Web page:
Mazda’s next generation MX-5 It may still be a few years away, but it will remain rear-wheel drive for as long as possible while moving away from electric powertrains and plug-in hybrids.
“It is our brand symbol and it has always been treated very special,” said Mazda Europe head of engineering and product development. Autocar.
“For now, it looks like we will have this car forever, with this size and concept and internal combustion engine. Of course, one day we will have to electrify it, but we wanted to keep this pure concept.”
Kunz also told Autocar that, like MX-5 traditionally have a longer lifecycle than other Mazda models, “having a generation in 10 years is not a problem for us”.
The current fourth generation of the MX-5 – the ND series – entered production in 2015. That suggests the new MX-5 may not be available until 2024 or 2025.
The next MX-5 is said to retain the rear-wheel drive platform, instead of switching to Mazda’s front-wheel drive architecture used on models like 3 hatches and sedans.
Kunz says the MX-5 is “headquartered” in Japan, and engineers at HQ are committed to maintaining the roadster’s purity. That shows that the team at Mazda Europe has little influence on this model.
A report from Autocar said last year that the next MX-5 ‘NE’ is suitable to use the company’s Skyactiv-X petrol engine in the pursuit of higher performance, rather than using pure electricity or plug-ins.
The Skyactiv-X engine uses alternating spark-guided compression ignition, the idea being to combine the characteristics of a high-revving naturally aspirated gasoline with higher torque and performance – just like the engine. diesel.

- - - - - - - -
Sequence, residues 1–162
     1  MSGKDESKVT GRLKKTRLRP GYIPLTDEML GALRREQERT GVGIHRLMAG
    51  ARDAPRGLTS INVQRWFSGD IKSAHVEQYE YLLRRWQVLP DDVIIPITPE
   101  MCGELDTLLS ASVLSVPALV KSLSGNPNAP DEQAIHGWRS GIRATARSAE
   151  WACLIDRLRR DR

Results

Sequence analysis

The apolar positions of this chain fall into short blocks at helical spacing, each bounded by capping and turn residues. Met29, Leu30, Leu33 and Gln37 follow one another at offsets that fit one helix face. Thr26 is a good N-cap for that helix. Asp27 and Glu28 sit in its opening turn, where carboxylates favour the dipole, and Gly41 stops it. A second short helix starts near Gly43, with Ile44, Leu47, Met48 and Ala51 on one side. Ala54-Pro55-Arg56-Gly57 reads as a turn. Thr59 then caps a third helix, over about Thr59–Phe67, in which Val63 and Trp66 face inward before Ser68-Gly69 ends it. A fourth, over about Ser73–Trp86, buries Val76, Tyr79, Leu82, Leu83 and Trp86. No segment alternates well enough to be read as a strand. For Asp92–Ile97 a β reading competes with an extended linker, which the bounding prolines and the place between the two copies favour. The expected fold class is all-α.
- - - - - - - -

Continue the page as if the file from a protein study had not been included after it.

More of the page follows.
It launches in 2020 here and is currently available on the Mazda 3 and CX-30. Of course, none of these are rear-wheel drive like the MX-5.
In these models, the 2.0-litre petrol engine is referred to as the Skyactiv-X ‘M Hybrid’, referring to the belt-driven starter/alternator system and a 24V lithium-ion battery that captures energy during deceleration.
It produces 132kW of power and 224Nm of torque, with all of this mated to a six-speed manual or automatic transmission.
Supposedly, if this engine were used in the next-generation MX-5, it would deliver 30% more torque than the 2.0-litre ‘SkyActiv-G’ engine used in all models. MX-5 and can deliver 0-100km/h in under six seconds.
If Mazda chooses to introduce this powertrain for the next MX-5, it will be the only engine offered, although it may be offered in different states.
Mazda has discontinued the smaller, slower-selling 1.5-litre four-cylinder engine for the current car in the Australian market.
“We wanted to consider the best powertrain to keep the car light, but due to diverse requirements and preferences, we needed to explore,” said Mazda Chief Design Officer Ikuo Maeda. many different options.
The next MX-5 is said to take from the design language first appeared on the 2017 Vision Coupe concept, which has inspired the brand’s latest cars.
It’s unclear where the MX-5 sits relative to the two new modular architectures Mazda is rolling out.
Upcoming Mazda products like the CX-60 SUV will use the Skyactiv Multi-Solution Extensible Architecture, which Mazda says will underpin five hybrid models – at least some of which will use a hybrid system. from Toyota – along with five plug-in hybrids and three electric models.
This architecture has been developed for both front- and all-wheel drive vehicles with transverse engines, as well as rear- or all-wheel drive vehicles – such as the CX-60 – with longitudinal engines.
It’s separate from Mazda’s upcoming Skyactiv Scalable Electric Vehicle Architecture, which will build a range of vehicles between 2025 and 2030.
Mazda is aiming for 25% of its vehicles to be pure electric by 2030, while all vehicles will be electrified to some extent.
The Japanese government has proposed a plan to ban the sale of new internal combustion engine vehicles by 2035, although this does not include hybrids.
THAN: Everything Mazda MX-5